Very good summary of the making of the Faberge eggs and the history surrounding them. It's an engaging story of their journey from treasured gifts to overindulgent trinkets to objects of art worth millions. I only wish this book had been available when I saw the display of American-owned eggs in 1997 in Cleveland, so I would have appreciated more what I was seeing. The chance to see that many at once will probably never come again. Very good summary of the making of the Faberge eggs and the history surrounding them. It's an engaging story of their journey from treasured gifts to overindulgent trinkets to objects of art worth millions. I only wish this book had been available when I saw the display of American-owned eggs in 1997 in Cleveland, so I would have appreciated more what I was seeing. The chance to see that many at once will probably never come again.

  24. 4 out of 5

    Amy

    I've always been intrigued by Faberge eggs and Russian tsars. This is an excellent, current book about Faberge himself and the czarinas whom he made eggs for each year for many years. It is amazing how so many survived wars, communism, etc. and who owned them after the last tsar and his family were executed. Lots of great pics too. I've always been intrigued by Faberge eggs and Russian tsars. This is an excellent, current book about Faberge himself and the czarinas whom he made eggs for each year for many years. It is amazing how so many survived wars, communism, etc. and who owned them after the last tsar and his family were executed. Lots of great pics too.

  25. 5 out of 5

    Leon

    Interesting bits -- describing the production of Faberge's imperial eggs in the context of the waning days of the Romanov dynasty, and extracting interesting bits about the people who owned and traded the eggs. The surveys of all known Imperial eggs at the back of the book are useful. Wish there were photos of all the eggs. Interesting bits -- describing the production of Faberge's imperial eggs in the context of the waning days of the Romanov dynasty, and extracting interesting bits about the people who owned and traded the eggs. The surveys of all known Imperial eggs at the back of the book are useful. Wish there were photos of all the eggs.

  26. 5 out of 5

    Janet

    After seeing a large exhibition of Faberge items (sans eggs) I wanted to research the Faberge legacy. This is my first forey into their story and I found it fascinating. The book starts with the gift of the eggs to the Czarinas and continues onto where the eggs ended up after the revolution 'til present. After seeing a large exhibition of Faberge items (sans eggs) I wanted to research the Faberge legacy. This is my first forey into their story and I found it fascinating. The book starts with the gift of the eggs to the Czarinas and continues onto where the eggs ended up after the revolution 'til present.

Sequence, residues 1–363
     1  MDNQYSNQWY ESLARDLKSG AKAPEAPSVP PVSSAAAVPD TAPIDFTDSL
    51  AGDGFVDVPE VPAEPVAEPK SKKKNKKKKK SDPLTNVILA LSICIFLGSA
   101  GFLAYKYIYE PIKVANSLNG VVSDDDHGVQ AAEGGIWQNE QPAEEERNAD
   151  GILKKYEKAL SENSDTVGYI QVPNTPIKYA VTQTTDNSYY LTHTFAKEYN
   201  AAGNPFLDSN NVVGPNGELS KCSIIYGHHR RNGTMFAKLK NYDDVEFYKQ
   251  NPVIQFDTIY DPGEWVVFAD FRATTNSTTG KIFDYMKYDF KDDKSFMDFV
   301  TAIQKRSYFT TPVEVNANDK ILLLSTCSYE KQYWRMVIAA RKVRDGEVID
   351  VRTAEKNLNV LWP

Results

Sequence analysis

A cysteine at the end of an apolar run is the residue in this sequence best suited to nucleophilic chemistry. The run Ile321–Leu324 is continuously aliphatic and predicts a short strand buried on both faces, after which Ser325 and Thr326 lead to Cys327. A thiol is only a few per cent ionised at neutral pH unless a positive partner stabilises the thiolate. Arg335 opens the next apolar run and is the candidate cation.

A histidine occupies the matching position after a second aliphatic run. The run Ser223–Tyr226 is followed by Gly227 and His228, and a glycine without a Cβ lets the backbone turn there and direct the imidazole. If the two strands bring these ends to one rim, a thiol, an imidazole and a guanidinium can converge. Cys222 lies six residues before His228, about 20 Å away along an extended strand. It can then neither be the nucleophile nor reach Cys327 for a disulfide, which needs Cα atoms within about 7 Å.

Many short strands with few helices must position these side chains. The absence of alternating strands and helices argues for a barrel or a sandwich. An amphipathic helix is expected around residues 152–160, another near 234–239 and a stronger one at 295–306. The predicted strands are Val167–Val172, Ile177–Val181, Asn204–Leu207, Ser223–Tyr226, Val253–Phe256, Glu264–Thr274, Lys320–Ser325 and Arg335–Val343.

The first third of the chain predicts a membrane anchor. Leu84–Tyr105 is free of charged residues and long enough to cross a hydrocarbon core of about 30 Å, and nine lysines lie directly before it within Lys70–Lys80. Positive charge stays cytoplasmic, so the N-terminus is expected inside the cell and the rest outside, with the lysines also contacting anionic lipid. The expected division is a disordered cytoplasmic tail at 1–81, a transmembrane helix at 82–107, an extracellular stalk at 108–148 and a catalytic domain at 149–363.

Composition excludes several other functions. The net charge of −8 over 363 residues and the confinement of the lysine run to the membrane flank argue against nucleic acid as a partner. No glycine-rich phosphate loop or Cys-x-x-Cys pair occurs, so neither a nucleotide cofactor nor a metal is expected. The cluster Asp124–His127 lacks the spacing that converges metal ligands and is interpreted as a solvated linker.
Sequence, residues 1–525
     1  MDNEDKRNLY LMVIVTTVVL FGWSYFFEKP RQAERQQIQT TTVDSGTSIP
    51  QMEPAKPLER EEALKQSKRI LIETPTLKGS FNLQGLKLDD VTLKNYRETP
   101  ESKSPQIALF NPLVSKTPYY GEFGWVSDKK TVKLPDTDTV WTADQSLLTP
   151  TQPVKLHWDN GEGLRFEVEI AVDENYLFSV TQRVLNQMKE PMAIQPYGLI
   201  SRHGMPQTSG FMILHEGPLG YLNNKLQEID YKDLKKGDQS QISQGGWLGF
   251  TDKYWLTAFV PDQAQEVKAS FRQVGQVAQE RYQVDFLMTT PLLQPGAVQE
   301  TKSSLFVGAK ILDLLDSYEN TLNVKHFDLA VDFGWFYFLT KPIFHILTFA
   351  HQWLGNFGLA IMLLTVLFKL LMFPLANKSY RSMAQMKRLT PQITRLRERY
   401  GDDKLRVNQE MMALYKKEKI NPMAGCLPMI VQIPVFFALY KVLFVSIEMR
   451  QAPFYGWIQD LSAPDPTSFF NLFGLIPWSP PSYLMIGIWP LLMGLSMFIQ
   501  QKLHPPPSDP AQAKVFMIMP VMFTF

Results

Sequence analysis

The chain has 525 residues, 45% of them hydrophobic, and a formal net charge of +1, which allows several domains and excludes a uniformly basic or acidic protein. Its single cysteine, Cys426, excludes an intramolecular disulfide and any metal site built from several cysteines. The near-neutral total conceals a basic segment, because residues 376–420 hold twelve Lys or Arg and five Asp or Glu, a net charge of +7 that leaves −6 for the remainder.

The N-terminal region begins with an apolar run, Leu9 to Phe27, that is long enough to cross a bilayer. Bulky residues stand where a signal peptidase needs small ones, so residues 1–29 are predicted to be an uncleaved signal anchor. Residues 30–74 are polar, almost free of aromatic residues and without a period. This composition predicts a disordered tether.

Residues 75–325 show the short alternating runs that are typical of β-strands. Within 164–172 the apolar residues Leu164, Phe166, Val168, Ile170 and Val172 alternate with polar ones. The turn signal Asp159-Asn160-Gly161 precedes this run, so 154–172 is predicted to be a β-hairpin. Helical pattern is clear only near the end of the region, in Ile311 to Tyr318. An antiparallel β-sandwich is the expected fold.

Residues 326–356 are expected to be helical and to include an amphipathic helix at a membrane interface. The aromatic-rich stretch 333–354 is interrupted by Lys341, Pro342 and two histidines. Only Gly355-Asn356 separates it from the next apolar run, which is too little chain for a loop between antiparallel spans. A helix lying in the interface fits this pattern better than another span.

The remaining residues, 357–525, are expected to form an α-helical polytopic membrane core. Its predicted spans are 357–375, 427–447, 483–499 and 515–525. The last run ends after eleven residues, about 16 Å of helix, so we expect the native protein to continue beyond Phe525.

27. 5 out of 5

    Sanjana Daya

    This book places the intricate masterpieces in their rightful place in history. It tells the unique story of each egg and how they have traveled across seas and nations over the past hundred years. Faberge eggs hold more than just pearl surprises and glorious jewels; they hold stories and lives and unparalleled craftsmanship in each hinge and coil. Priceless.

  28. 4 out of 5

    Amanda Witt

    A very good background of Russian history pre, during and post the 1917 Revolution. Later chapters discuss where the surviving eggs are now, in various collections around the world. The intricate work involved in each egg is amazing to read, and each one for both the Tsarina and her daughter in law had a personal element.

  29. 5 out of 5

    Christine

    Faber seems to lost interest after the fall of the Czars, but who can blame him. It's also rather strange that he seems more concerned about Faberge's sons reaction to their father's activities outside of marriage, and not so much interested in their mother's. Still, it is a rather good book and does flesh out knowledge of the pieces. Faber seems to lost interest after the fall of the Czars, but who can blame him. It's also rather strange that he seems more concerned about Faberge's sons reaction to their father's activities outside of marriage, and not so much interested in their mother's. Still, it is a rather good book and does flesh out knowledge of the pieces.

  30. 4 out of 5

    Megan

    I thought this book was very interesting and I liked how the author used the eggs to tell the story of the Romanovs. My only complaint is that the book should have included more pictures of the various eggs.